By: Donald J. Schaffer, CPA/ABV, CVA
I apologize in advance for the numerous acronyms that follow. Unfortunately, they are the only shorthand available for some organizations with rather long names. But what do all these letters that you find strung together after the name of a supposed valuation expert mean?
There are many organizations that issue credentials for valuation specialists. The largest of these are the National Association of Certified Valuation Analysts (NACVA), the American Institute of Certified Public Accountants (AICPA), the American Society of Appraisers (ASA), and the Institute of Business Appraisers (IBA), each of which require a substantial commitment to education, testing and experience. There are dozens of other organizations that also issue credentials whose value cannot be readily determined. Some require nothing more than the payment of the requisite fee. With this veritable alphabet soup of credentials out there, how can you determine the qualifications of a valuation professional?
The National Association of Certified Valuation Analysts decided to risk its reputation by submitting itself for certification to the National Organization for Competency Assurance (NOCA). After a process of more than three and one half years that required extensive documentation of every facet of the certification program, NOCA has, through its National Commission for Certifying Agencies (NCCA) division, accredited NACVA’s two premier credentials, Certified Valuation Analyst (CVA) and Accredited Valuation Analyst (AVA).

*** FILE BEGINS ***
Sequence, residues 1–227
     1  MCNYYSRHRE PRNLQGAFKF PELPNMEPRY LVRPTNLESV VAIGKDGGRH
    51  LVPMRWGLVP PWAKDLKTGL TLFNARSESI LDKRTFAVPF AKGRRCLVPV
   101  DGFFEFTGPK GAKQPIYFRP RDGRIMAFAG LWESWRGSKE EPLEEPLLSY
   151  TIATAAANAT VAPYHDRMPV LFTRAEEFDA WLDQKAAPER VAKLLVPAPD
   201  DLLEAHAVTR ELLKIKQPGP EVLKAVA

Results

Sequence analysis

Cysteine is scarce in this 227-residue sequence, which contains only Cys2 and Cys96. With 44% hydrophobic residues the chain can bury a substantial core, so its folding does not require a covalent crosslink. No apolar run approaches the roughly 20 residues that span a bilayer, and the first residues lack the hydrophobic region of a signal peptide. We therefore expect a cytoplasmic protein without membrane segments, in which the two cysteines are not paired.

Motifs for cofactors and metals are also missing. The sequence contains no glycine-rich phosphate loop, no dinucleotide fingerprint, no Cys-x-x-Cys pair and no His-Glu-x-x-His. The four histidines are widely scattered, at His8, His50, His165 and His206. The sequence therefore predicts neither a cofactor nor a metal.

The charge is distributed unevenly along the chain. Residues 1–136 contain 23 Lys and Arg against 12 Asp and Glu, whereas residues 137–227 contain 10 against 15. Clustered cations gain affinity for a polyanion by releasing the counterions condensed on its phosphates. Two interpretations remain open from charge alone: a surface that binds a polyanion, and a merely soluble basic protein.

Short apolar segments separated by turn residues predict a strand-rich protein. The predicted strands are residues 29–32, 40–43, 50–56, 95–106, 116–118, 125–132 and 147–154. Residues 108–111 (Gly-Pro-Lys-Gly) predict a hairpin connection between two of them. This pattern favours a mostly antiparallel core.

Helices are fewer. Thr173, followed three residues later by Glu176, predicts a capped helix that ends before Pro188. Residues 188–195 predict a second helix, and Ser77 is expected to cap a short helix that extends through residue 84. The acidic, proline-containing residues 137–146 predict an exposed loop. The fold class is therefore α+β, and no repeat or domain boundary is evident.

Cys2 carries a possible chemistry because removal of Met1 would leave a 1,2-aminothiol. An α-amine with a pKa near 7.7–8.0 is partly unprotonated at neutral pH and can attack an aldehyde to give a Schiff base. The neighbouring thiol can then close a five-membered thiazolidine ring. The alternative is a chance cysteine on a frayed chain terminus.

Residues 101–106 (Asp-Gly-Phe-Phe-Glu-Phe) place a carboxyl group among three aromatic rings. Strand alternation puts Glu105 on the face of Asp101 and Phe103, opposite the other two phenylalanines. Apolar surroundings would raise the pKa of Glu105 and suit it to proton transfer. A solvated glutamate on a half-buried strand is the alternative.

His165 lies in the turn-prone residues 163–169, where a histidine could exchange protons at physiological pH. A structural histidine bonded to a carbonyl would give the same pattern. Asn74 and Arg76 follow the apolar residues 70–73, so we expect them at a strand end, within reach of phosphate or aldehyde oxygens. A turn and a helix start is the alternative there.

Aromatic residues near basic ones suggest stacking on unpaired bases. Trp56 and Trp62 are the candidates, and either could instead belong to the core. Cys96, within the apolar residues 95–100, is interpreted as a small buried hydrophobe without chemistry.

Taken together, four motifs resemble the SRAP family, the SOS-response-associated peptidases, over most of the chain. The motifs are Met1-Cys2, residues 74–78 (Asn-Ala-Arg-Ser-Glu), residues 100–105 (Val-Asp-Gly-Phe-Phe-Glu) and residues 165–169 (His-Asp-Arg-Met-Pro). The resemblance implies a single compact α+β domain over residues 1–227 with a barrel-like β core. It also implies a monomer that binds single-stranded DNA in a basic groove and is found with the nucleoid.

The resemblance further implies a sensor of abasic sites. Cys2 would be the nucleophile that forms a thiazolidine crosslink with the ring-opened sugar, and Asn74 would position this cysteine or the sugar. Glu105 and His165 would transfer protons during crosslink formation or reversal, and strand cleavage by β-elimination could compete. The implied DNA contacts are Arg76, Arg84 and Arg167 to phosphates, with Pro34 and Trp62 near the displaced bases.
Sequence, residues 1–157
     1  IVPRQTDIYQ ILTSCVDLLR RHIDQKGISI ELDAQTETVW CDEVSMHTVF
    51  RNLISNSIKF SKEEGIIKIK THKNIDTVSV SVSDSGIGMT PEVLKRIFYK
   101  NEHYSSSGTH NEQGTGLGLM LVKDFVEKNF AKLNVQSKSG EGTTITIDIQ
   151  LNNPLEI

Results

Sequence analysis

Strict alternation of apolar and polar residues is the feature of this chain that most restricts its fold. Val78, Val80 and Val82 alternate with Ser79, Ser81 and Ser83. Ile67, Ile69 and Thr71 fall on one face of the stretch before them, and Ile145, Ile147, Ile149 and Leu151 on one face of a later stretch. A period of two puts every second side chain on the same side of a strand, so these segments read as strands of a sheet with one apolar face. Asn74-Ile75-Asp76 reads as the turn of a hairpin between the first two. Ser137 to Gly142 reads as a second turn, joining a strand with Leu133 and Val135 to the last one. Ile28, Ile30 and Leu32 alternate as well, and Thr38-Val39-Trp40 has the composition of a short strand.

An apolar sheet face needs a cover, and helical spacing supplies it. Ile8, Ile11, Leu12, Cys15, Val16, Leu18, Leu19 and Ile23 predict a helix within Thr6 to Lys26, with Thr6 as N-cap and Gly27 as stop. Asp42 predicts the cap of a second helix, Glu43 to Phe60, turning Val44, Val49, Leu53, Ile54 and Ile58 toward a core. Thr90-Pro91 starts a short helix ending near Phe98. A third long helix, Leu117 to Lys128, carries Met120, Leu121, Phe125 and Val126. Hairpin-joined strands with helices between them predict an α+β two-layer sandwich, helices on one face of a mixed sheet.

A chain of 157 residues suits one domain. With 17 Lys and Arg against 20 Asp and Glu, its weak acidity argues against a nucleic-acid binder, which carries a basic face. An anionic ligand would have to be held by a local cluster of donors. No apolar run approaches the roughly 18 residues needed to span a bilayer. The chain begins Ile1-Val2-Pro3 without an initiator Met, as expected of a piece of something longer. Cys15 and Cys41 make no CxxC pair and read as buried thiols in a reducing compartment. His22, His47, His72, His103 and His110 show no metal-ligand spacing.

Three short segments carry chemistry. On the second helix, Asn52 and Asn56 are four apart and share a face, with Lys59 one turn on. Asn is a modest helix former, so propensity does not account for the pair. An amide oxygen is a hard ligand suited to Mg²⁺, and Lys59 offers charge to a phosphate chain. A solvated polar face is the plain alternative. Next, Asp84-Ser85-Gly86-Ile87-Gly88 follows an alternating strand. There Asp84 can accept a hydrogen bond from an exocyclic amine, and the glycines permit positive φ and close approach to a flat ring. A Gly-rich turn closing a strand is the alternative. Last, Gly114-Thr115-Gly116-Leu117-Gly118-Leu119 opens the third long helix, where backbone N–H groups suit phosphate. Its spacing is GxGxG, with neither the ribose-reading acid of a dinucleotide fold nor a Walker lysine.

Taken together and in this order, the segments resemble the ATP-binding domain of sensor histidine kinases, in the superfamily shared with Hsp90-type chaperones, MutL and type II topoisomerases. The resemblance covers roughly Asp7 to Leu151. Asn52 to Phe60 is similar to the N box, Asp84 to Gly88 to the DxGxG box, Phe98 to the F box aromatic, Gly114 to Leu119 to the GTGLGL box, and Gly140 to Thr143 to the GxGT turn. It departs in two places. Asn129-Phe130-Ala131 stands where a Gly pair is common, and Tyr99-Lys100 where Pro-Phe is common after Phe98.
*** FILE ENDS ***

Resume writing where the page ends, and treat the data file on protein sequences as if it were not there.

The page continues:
The CVA credential, for which only CPA’s are eligible, and the AVA credential, for which other business school graduates may qualify, are issued only to candidates who have qualified by education, rigorous examination, and experience. Holders are required to maintain their skills through continuing education. NACVA offers an extensive menu of basic and advanced educational offerings, research, and library services to members.
When picking a valuation professional, carefully weigh not only the credentials, but the organization that issued the credentials. Then evaluate the experience of the professional in doing the type of project that you require. Then check references. Be sure you fully understand the quality and depth of the analysis to be performed when discussing pricing of the engagement. Poor quality valuation work, especially in tax, divorce, and business ownership matters that may lead to examination or litigation can have severe consequences.
Donald J. Schaffer, CPA/ABV, CVA heads the Business Valuation practice at CJBS, LLC. He began specializing in business valuations and first testified as an expert at trial in 1983. He was awarded a Certificate of Educational Achievement in Business Valuation in 1994 by the Illinois CPA Society, earned his CVA credential from NACVA in 1995, and was one of the first seven CPA’s in Illinois to be Accredited in Business Valuation by the AICPA